Die Components and Terms

Some of the more common die components and terms include cavities (or cavity inserts), parting lines, cores or core pins, slides or slide cores, ejector plates and ejector pins.   A brief description of each follows:

Cavity Blocks or Cavity Inserts

These are the portions of the die casting die into which the part geometry is formed.   There is the ejector cavity (sometimes called the core cavity) and the cover cavity.   The cavity blocks are made of premium grade tool steel and are normally heat-treated to a very high hardness, then coated for lubricity and long life.   Water cooling lines pass through the cavity blocks as do the ejector pins that are used to push the part off of the die.   The cavity blocks are where most of the cost comes from, as generally this is where most of the custom design, engineering, and detailed machining is done.

Parting Lines

When the two die halves close, metal is injected into the cavity blocks and cooled in order to create the part.  There is a line that forms on the part where the cover half and the ejector half meet called the “parting line.”

More information on the parting line can be found in the following blog, “Read Between the Lines: Parting Line Placement in Metal Die Casting Design”.

Cores or Core Pins

A “core” is the separate and replaceable part of the die that forms an internal feature of the casting.   A core can be any shape, though circular is the most common (usually referred to as a “core pin”).   A core may be fixed to the die cavity or to a slide, actuated through the mechanical opening/closing of the die, or by hydraulic cylinder or other means.

Slides or Slide Cores

A slide (or slide core) is the portion of the die that forms a feature of the casting, that cannot be made with the normal opening and closing of the die, but is required to move at some angle relative to the parting line (with the most common orientation being parallel to the parting line).   The “slide” is the general term for the entire moving section, but a slide consists of multiple pieces (such as the slide front or tip, the wear plates, gibs, locks, carriers, etc.) and is generally water cooled.   Slide core is the general term used for either a simple core pin that is moving in and out on some angle to the parting line or a pin within the larger slide mechanism (for example: a replaceable “slide pin” can be mounted in the slide to form a specific hole, where the rest of the slide face forms the outside surface of the part).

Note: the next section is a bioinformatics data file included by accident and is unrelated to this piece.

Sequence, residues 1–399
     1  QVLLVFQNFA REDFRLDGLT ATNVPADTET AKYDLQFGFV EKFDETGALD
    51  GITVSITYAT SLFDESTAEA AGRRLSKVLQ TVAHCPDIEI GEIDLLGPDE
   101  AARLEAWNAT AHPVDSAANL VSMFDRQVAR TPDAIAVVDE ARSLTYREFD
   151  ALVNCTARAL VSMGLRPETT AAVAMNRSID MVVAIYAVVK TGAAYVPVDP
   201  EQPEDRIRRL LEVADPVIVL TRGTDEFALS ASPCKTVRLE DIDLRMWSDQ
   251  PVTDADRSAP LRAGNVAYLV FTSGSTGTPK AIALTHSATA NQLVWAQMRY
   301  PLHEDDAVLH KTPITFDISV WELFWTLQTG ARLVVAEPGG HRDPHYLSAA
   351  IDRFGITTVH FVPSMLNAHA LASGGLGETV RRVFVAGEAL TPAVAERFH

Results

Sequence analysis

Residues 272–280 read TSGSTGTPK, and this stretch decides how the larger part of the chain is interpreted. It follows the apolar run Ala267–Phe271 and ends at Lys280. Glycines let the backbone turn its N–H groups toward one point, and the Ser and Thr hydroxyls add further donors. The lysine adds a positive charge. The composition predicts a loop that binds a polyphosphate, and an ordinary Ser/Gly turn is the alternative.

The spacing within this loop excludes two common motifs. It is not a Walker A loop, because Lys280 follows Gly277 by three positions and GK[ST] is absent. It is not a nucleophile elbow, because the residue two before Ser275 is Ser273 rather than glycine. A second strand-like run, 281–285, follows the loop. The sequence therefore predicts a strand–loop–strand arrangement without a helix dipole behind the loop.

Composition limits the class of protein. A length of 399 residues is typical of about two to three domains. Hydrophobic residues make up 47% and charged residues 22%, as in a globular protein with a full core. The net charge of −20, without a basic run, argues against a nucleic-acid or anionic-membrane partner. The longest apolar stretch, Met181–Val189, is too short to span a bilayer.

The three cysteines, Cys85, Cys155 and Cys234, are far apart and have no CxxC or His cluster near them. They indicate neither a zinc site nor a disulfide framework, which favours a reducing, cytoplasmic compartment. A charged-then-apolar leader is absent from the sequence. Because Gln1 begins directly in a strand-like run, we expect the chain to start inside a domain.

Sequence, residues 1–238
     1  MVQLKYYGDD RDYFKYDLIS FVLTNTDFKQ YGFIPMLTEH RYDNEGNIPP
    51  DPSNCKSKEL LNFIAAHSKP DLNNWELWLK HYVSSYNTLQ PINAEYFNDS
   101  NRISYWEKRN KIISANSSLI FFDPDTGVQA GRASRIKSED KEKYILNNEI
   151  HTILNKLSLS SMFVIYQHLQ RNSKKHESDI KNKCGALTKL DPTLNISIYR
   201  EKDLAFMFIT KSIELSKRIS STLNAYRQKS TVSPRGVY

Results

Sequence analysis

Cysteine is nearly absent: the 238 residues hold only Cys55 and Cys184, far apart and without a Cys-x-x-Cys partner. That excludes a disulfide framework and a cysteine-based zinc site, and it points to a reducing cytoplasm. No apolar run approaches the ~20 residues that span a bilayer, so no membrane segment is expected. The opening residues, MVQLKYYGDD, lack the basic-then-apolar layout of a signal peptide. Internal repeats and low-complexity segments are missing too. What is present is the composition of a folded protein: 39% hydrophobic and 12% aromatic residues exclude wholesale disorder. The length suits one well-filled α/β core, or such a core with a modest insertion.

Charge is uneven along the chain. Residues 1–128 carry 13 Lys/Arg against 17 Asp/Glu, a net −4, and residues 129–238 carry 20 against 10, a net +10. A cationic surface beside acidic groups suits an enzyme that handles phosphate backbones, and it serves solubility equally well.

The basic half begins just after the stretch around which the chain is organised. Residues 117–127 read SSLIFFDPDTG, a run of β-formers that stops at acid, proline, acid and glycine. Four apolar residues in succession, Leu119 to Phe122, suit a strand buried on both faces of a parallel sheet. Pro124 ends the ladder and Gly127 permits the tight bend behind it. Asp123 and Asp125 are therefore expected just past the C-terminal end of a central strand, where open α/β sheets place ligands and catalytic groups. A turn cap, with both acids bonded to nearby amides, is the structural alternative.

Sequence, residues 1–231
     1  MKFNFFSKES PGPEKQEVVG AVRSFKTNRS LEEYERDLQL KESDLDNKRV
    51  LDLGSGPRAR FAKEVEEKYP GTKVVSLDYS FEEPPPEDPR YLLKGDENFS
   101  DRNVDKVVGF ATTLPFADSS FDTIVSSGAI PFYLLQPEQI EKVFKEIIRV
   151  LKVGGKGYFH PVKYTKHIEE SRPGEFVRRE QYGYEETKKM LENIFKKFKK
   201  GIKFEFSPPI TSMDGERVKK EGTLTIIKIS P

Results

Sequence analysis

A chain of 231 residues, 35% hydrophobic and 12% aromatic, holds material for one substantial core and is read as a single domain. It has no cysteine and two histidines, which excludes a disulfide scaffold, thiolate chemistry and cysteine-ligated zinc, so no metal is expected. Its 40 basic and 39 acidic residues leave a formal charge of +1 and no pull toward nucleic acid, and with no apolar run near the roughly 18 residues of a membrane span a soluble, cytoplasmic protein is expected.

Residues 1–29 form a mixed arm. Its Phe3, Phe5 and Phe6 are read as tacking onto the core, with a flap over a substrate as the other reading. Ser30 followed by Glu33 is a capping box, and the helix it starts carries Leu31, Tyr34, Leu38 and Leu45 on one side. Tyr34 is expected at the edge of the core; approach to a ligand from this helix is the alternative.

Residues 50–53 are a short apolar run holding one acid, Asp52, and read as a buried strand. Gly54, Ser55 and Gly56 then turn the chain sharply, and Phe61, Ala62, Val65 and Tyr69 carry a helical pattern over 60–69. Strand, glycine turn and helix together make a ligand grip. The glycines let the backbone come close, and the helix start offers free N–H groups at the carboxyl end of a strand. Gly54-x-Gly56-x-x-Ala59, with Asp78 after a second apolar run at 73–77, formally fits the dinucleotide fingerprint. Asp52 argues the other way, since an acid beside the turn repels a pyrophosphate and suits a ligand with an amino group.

Angle pins and hydraulic cylinders are the most common motion sources that activate slides.  Both sources of motion need to be designed into the tooling to avoid interference with part ejection/removal.

Angle pins are the more economical option because it is activated by the opening and closing of the die, and does not require hydraulics or switches, but is limited to shorter movements.   The hydraulic method offers a wider range of options including pull direction, timing of the pulling, and length of pull.   A die cast engineer can recommend the appropriate option based on the project.

Ejector Plates and Ejector Pins

Once a part has been cast and cooled, the halves open up and reveal the cast part.  The part typically shrinks in size as it cools, remaining in the ejector half of the die.   Ejector pins that are driven by a moving ejector plate are activated and used to push the casting off the die.

The ejector pin leaves a slight imprint on the casting, which indicates the placement of the pin should be in a non-cosmetic surface area of the casting that is not critical to the design (overflow, boss, bottom of a deep pocket, bottom of a rib, etc.).  Ultimately, the number of pins, pin locations, and pin sizes are dependent on the configuration and size of the part, along with other requirements.

Contact a CWM Die Cast Engineer.

Our engineering team is prepared to answer any questions you may have about the die casting process, as it pertains to your project.  Feel free to contact us directly at 630-595-4424, or e-mail us at in order to get in touch with the appropriate specialist.